Course learning outcomes

Deakin's graduate learning outcomes describe the knowledge and capabilities graduates can demonstrate at the completion of their course. These outcomes mean that regardless of the Deakin course you undertake, you can rest assured your degree will teach you the skills and professional attributes that employers value. They'll set you up to learn and work effectively in the future.

Graduate Learning Outcomes

Course Learning Outcomes

Discipline Specific knowledge and capabilities

Develop an advanced and integrated understanding of a complex body of knowledge, including:
(a)    The fundamental areas of legal knowledge, the Australian legal system and underlying principles and concepts, including international and comparative contexts;
(b)    The broader contexts within which legal issues arise;
(c)    The principles and values of justice and of ethical practice in lawyers’ roles;
(d)    extended understanding of contemporary developments in law (and law reform);
(e)    extended understanding of contemporary developments in professional practice.


Develop high level communication skills, including:
(a)    Communication of findings both orally and in writing using plain English and legal terminology through formal legal channels and contemporary Internet- based forms of communication;
(b)    Knowledge of different genres of legal writing;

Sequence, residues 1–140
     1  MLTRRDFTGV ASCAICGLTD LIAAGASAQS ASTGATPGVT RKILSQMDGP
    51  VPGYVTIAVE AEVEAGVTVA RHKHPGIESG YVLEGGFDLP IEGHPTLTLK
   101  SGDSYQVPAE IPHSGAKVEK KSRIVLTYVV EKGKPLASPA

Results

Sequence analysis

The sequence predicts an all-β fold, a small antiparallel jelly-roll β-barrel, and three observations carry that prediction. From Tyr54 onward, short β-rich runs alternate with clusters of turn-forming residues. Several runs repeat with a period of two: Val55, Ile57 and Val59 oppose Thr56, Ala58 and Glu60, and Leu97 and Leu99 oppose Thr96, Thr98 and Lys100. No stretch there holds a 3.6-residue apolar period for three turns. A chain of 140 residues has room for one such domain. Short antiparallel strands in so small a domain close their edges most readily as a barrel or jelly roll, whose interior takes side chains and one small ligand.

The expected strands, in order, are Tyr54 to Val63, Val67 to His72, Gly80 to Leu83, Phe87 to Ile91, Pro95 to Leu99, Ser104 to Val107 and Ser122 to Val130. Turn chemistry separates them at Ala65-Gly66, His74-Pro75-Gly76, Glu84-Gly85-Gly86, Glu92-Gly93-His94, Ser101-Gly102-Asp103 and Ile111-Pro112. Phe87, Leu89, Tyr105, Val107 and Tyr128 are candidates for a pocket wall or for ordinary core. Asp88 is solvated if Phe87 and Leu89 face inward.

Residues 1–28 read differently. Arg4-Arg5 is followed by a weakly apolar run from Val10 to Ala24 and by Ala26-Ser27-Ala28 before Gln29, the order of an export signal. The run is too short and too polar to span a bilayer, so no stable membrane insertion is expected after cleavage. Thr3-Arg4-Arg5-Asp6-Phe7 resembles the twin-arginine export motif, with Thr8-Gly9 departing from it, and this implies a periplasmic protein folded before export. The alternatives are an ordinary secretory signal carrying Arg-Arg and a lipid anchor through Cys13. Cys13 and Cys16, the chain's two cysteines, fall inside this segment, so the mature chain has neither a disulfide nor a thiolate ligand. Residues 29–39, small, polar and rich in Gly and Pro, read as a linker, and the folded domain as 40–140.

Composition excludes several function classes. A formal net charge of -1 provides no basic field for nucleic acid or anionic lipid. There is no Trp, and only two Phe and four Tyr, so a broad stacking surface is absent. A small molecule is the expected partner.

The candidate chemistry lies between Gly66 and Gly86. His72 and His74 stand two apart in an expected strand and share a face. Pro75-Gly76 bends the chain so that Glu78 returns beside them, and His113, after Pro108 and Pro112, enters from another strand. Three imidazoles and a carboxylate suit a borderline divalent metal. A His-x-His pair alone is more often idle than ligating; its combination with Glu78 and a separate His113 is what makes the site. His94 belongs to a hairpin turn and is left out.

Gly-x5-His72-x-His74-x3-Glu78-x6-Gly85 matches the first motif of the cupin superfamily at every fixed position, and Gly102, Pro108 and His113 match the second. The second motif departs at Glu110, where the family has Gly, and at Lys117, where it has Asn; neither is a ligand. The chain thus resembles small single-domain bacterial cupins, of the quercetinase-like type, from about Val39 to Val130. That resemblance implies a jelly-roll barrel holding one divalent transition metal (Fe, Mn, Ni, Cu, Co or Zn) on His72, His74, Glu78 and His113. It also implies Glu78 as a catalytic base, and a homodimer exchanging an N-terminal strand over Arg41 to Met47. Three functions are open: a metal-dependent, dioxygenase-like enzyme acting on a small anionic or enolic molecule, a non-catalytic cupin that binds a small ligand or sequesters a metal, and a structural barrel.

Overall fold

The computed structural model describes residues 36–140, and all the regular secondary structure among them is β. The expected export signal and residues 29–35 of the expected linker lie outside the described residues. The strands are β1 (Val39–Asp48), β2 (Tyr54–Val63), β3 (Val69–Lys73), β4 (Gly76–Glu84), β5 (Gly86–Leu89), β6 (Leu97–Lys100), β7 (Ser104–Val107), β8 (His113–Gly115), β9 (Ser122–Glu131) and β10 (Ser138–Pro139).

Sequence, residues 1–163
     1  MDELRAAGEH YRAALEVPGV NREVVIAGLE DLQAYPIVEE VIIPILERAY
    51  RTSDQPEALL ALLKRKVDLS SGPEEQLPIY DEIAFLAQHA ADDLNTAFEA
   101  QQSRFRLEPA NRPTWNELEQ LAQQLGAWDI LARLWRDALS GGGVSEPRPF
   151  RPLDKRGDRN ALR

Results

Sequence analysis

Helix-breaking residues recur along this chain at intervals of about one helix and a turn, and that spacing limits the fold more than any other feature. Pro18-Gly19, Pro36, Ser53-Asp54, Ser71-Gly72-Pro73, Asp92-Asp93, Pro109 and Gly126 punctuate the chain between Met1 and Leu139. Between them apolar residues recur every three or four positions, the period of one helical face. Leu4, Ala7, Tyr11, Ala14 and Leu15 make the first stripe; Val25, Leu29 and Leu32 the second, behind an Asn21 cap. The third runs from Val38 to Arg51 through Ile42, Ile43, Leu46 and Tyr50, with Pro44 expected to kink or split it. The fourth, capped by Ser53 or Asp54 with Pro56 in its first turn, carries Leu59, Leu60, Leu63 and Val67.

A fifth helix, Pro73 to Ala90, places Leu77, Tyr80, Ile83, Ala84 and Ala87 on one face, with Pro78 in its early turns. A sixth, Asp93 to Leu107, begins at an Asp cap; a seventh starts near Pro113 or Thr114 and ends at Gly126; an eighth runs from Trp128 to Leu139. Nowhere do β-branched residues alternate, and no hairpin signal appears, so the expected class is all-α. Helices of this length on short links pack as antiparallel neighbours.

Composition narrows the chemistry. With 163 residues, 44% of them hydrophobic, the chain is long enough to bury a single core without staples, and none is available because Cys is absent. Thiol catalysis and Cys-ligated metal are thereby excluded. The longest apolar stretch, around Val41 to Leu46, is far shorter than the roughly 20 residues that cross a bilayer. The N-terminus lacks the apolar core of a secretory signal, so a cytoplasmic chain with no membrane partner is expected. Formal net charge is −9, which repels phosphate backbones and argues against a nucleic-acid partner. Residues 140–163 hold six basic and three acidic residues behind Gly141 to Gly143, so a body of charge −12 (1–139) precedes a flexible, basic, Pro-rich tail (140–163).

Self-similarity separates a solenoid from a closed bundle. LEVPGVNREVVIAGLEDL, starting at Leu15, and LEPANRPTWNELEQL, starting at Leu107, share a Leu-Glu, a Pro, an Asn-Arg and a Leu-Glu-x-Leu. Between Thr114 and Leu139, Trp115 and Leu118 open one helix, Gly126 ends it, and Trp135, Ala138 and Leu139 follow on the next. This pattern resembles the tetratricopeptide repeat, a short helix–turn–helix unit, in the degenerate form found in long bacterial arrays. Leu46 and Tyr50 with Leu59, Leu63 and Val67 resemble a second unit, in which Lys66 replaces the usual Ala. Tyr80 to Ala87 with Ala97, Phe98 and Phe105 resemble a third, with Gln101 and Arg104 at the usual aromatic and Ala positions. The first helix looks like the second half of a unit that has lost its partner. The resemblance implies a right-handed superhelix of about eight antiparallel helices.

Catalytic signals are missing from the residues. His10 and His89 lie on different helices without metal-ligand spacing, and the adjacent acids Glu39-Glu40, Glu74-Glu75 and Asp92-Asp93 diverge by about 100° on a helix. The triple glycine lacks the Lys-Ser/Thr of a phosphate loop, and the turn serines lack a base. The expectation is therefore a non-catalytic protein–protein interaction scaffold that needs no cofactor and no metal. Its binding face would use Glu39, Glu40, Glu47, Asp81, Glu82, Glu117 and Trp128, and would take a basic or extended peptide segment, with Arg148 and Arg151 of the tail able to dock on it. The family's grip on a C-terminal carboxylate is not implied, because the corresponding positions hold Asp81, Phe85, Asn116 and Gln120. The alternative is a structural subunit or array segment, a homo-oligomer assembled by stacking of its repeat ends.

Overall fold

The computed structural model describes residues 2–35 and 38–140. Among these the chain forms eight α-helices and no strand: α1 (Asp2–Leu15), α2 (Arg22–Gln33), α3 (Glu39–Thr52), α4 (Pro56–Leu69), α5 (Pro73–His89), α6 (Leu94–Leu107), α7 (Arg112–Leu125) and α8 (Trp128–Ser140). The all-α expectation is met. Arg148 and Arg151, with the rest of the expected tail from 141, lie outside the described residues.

(c)    Knowledge of different genres of oral communication with culturally diverse audiences;
(d)    Effective and persuasive communication depending on needs and backgrounds of legal and non-legal audiences
(e)    Ability to engage constructively with needs of audiences and choose right communication approach.

Digital Literacy

Use technologies to identify, locate, evaluate information for complex problem solving scenarios as well as communicating legal solutions, including:
(a)    Identifying, researching, evaluating and synthesising relevant factual, legal and policy issues, effectively using technologies where appropriate;
(b)    Finding, using and disseminating information using technologies;
(c)    Using digital sources to organize and present information in authentic and complex legal situations.

Critical thinking

Exercise critical thinking
capacities to:
(a)    Identify and articulate complex legal issues;
(b)    Apply legal reasoning and research to generate appropriate jurisprudential and practical responses to legal issues;
(c)    Engage in critical analysis and make reasoned and appropriate choices amongst alternatives; an
(d)    Demonstrate sophisticated cognitive and creative skills in approaching legal issues and generating appropriate responses

Problem Solving

Develop sophisticated
problem solving capacities by developing intellectual and practical skills needed to justify and interpret theoretical propositions, legal methodologies, conclusions and professional decisions through the ability to:
(a)    Identify the need for research;
(b)    Identify factual, legal and policy issues;
(c)    Research factual, legal and policy issues;
(d)    Evaluate factual, legal and policy issues
(e)    Synthesise factual, legal and policy issues.